Climate refugees are people who are forced to move because climate change has destroyed their homes. Rachel Aronson is a Ballard resident and a master’s student in the University of Washington’s School of Marine and Environmental Affairs, and is doing her thesis on climate refugees. She wants to focus on how people preserve their culture in absence of the place that nurtured their culture.

Aronson in Iceland

Aronson is fundraising for her research through Petridish.org, a crowd funding website similar to Kickstarter but dedicated to science-related projects. Her goal is to raise $3,400,and says she has received very positive feedback.

“Most of the backers so far are not people I know and that is really cool to me,” said Aronson. “It’s been a fabulous experience to hear from people all over the world who are interested in this project. They also see it and connect me with people that I should get in contact with as well.”

Aronson will use the money to go to the village of Shishmaref, Alaska and interview residents, and much of her research will be dictated by these interactions. “I knew that I wanted to travel to work on my project because I’d like to have a career after grad school where I go outside the country to do research. I see this as a trial run of what I would like to do professionally.”

She is the first person in her program to use Petridish.org as a funding source but sees it getting more popular in the future. “There’s less funding for graduate students and this model fits well with the open-science movement, which gets our research out from behind journal pay walls,” Aronson explained. “People can now follow along with it.”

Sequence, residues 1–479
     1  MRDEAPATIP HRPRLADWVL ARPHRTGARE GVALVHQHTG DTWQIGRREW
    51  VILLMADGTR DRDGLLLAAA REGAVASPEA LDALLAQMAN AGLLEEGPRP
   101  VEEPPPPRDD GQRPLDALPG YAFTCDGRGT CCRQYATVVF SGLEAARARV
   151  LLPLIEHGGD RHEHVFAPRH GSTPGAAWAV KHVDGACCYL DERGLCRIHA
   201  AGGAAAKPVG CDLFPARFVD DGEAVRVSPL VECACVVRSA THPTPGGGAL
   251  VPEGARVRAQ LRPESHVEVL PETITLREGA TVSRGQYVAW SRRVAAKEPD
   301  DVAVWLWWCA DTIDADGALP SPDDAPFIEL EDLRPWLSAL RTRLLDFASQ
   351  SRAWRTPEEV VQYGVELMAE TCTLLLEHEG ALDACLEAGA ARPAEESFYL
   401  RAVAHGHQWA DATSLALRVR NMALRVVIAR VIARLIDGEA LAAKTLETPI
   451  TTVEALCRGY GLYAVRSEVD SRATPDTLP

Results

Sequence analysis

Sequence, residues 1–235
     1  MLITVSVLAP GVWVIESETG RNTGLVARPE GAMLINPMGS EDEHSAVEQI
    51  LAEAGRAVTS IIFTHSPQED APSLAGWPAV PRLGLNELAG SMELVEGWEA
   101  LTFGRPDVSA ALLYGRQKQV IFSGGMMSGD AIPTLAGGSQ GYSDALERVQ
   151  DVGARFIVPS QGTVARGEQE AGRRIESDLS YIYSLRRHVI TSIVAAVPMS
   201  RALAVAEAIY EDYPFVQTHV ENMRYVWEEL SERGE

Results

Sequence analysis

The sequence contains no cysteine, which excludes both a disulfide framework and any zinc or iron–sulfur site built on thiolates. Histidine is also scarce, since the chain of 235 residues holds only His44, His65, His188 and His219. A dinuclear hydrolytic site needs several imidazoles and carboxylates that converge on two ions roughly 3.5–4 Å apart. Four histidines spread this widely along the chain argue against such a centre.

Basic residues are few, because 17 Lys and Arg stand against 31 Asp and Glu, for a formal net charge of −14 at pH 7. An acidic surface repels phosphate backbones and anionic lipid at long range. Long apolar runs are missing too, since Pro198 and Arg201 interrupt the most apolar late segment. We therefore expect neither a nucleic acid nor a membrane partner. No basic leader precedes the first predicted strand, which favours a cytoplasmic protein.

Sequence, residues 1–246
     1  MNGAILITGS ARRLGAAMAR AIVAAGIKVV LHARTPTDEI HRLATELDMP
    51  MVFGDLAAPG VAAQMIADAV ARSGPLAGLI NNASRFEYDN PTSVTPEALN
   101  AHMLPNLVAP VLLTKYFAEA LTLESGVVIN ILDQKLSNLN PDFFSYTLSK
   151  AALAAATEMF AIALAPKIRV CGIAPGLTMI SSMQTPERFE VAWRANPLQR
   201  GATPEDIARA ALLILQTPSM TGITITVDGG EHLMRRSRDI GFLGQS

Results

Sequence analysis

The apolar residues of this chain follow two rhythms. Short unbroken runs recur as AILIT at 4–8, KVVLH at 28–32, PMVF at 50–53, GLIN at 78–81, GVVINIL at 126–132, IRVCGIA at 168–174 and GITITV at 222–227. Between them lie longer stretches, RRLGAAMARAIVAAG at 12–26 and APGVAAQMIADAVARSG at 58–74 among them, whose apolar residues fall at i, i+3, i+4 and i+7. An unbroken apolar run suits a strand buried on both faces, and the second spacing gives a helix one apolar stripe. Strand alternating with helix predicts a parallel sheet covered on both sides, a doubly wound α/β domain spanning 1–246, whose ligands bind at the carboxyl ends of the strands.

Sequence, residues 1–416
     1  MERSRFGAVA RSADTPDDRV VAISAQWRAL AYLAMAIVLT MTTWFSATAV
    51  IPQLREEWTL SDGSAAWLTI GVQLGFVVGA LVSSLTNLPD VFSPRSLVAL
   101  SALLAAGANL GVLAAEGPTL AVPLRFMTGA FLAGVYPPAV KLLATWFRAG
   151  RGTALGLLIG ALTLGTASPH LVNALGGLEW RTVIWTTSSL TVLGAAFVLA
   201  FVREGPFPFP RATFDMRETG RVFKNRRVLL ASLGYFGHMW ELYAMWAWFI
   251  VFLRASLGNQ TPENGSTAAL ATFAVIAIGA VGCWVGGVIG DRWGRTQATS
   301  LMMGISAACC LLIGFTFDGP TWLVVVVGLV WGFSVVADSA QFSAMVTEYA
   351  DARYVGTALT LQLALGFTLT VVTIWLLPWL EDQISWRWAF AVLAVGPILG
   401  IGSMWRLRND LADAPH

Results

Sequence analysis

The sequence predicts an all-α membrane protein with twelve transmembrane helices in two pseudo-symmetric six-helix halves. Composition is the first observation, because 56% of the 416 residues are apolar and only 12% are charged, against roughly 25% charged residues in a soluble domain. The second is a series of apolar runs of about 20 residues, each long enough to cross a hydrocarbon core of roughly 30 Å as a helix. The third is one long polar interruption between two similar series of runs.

Aronson sees the connection to her donors as a continuing process; she plans on sending them postcards or including them in her thesis and hopes that they will keep in touch with her through a research blog she’s planning to write while away.

Overall, Aronson says this experience has been a huge confidence booster for her but still sees her ultimate goal as creating a useful research project to this community. With more climate refugees to come in the future, she also hopes her research can be seen as a recipe for success and hopes it’s used again for people to preserve their culture as their homes disappear.

Author reading to benefit Project Linus charity

Tomorrow night, Tuesday, May 1 at 7 p.m. at Secret Garden BooksJulie Paschkis will have her authorial debut, reading from “Mooshka: A Quilt Story,” a kids’ book about siblings. Along with the reading, Secret Garden is benefitting Project Linus, a charity organization that gives blankets to children in need. The store also invites participants to bring a quilt and share the story behind it in their, “Quilt Story Slam.”

Secret Garden will donate a percentage of profits from sales of “Mooshka” directly to Project Linus. The store is also taking donations in the form of 1/2 yard or more of new cotton or fleece. Paschkis is an illustrator, and has done the artwork for “Glass Slipper, Gold Sandal, A Worldwide Cinderella” and “Happy Adoption Day.”

Ballard Preschool Cooperative hosts open house tonight

The Ballard Preschool Cooperative (1501 NW 90th St) is hosting one of two open houses tonight from 5 to 7 p.m. The second open house is scheduled for Saturday, May 12th from 9 to 11 a.m. They plan to have teachers and families on hand to answer questions.